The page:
of emerging market equities, depending on the market cycle.
An analysis of key country allocations in the fund
(including Hong Kong)
With a prolonged trade war now becoming a likely scenario, we expect China to continue easing its
regulatory, monetary and fiscal policies. We think such moves will support its economy. We already
see early measures that are benefitting the private sector, personal consumption and infrastructure
spending, and we think more actions along these lines are likely. In addition, China has changed its
policy priorities from “deleveraging and risk management” to “growth and stability.” It also announced a
number of policy changes focused on infrastructure spending, increased access to credit for the private
sector, tax cuts and fewer regulations on a variety of industries. China’s markets outperformed all other
major indices in first-quarter 2019.
After a record-setting recession, Brazil is in the early stages of a recovery. We think valuations there
remain attractive and we believe interest rates will stay low because inflation is under control. We are
now seeing evidence the election of Jair Bolsonaro as president will support economic growth. His proreform
cabinet has been approved and is seeking to fix the country’s fiscal imbalances by addressing
pension reform, which may be met with pushback, but remains necessary. We think that effort will be
matched by the privatization of state-owned companies and auctions of infrastructure and selected
We believe India adds an attractive risk profile to the Fund because it is relatively immune to the
trade-related headwinds elsewhere in Asia. We continue to find what we believe are attractive secular
growth stories in financial services, energy and the consumer space. Prime Minister Narendra Modi has
defended his incumbency after taking the country through tough reforms such as demonetization and
a goods and services tax. We think the return of a Modi government is positive for India because the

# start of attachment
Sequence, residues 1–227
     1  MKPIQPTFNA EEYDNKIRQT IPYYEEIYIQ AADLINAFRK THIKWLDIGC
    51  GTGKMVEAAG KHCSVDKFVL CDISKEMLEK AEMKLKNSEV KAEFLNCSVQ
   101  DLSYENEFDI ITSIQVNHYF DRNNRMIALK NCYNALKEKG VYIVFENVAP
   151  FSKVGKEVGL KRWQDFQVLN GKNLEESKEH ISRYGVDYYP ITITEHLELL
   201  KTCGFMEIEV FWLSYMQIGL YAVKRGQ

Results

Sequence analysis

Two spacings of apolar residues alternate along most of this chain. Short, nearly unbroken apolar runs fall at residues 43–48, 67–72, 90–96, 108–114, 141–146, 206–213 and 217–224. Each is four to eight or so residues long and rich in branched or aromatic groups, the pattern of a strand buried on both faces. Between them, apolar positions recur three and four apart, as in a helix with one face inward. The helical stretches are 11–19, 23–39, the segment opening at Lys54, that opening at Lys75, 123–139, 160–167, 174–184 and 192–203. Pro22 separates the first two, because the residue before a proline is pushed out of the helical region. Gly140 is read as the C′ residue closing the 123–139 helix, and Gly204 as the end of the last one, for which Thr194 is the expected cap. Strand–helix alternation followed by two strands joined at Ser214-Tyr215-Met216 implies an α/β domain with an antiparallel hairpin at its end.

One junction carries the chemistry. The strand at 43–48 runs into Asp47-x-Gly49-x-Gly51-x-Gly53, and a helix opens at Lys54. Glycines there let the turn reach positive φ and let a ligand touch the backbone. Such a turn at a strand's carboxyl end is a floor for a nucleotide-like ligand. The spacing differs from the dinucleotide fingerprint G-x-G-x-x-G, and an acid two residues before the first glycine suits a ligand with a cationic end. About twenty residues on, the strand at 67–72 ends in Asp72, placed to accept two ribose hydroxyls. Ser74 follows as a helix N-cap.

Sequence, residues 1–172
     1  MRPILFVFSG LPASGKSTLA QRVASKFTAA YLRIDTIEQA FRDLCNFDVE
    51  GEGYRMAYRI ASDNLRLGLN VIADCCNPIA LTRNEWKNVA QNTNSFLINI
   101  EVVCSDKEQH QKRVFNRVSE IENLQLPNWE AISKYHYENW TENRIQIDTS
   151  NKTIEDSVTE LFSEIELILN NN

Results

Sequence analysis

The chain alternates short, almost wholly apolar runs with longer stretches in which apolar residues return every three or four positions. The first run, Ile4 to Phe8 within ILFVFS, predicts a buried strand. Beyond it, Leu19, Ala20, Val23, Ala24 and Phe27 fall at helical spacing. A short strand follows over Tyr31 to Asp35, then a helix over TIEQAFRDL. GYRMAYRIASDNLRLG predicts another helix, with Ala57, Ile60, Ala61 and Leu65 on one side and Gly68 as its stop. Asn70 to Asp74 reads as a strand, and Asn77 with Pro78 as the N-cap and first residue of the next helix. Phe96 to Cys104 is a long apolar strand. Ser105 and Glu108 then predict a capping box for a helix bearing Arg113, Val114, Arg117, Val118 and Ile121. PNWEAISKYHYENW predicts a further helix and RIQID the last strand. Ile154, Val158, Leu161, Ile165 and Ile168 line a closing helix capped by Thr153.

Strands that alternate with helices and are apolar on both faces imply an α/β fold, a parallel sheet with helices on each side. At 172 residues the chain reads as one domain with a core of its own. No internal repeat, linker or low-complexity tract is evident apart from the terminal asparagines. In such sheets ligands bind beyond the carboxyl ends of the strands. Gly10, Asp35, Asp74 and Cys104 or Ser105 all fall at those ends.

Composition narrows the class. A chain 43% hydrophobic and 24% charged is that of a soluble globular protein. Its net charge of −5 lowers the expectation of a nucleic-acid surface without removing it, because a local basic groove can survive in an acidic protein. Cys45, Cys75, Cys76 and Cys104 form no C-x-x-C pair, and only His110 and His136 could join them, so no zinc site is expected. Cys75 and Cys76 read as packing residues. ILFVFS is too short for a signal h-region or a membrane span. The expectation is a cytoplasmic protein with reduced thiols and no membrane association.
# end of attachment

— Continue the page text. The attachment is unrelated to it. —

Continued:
country can continue the reforms he laid out in his first term.
This remains the cheapest market globally, with what we consider attractive companies at attractive
valuations. We think Russia has good standalone fundamentals, such as the current and fiscal accounts
as well as its foreign exchange reserves. But the fear of sanctions from the U.S. keeps the country’s risk
premium high and valuations low.
As a percent of the Fund’s equity assets as of 05/31/2019 vs. MSCI Emerging Markets Index. Allocations are subject to change and are not intended to represent any past or future investment recommendations.
Ivy Live Replay - Active allocation: A world of ideas
Our Ivy Live panelists discuss the evolving investment landscape, including the recent U.S.-China trade escalation, and ideas to help guide allocation decisions.
Get the full perspective
The MSCI Emerging Markets Index is an unmanaged index comprised of securities that represent large- and mid-capitalization companies within emerging market countries. It is not possible to invest directly in an index.
Past performance is no guarantee of future results. The opinions expressed are those of the Fund’s managers and are not meant as investment advice or to predict or project the future performance of any
investment product. The opinions are subject to change at any time based on market and other current conditions, and no forecasts can be guaranteed. This commentary is being provided as a general source of
information and is not intended as a recommendation to purchase, sell, or hold any specific security or to engage in any investment strategy. Investment decisions should always be made based on an investor’s specific
objectives, financial needs, risk tolerance and time horizon.
Risk factors: The value of the Fund’s shares will change, and you could lose money on your investment. An investment in the Fund is not a bank deposit and is not insured or guaranteed by the Federal Deposit Insurance
Corporation or any other government agency. International investing involves additional risks, including currency fluctuations, political or economic conditions affecting the foreign country, and differences in accounting
standards and foreign regulations. These risks are magnified in emerging markets. These and other risks are more fully described in the Fund’s prospectus. Not all funds or fund classes may be offered at all broker/ dealers.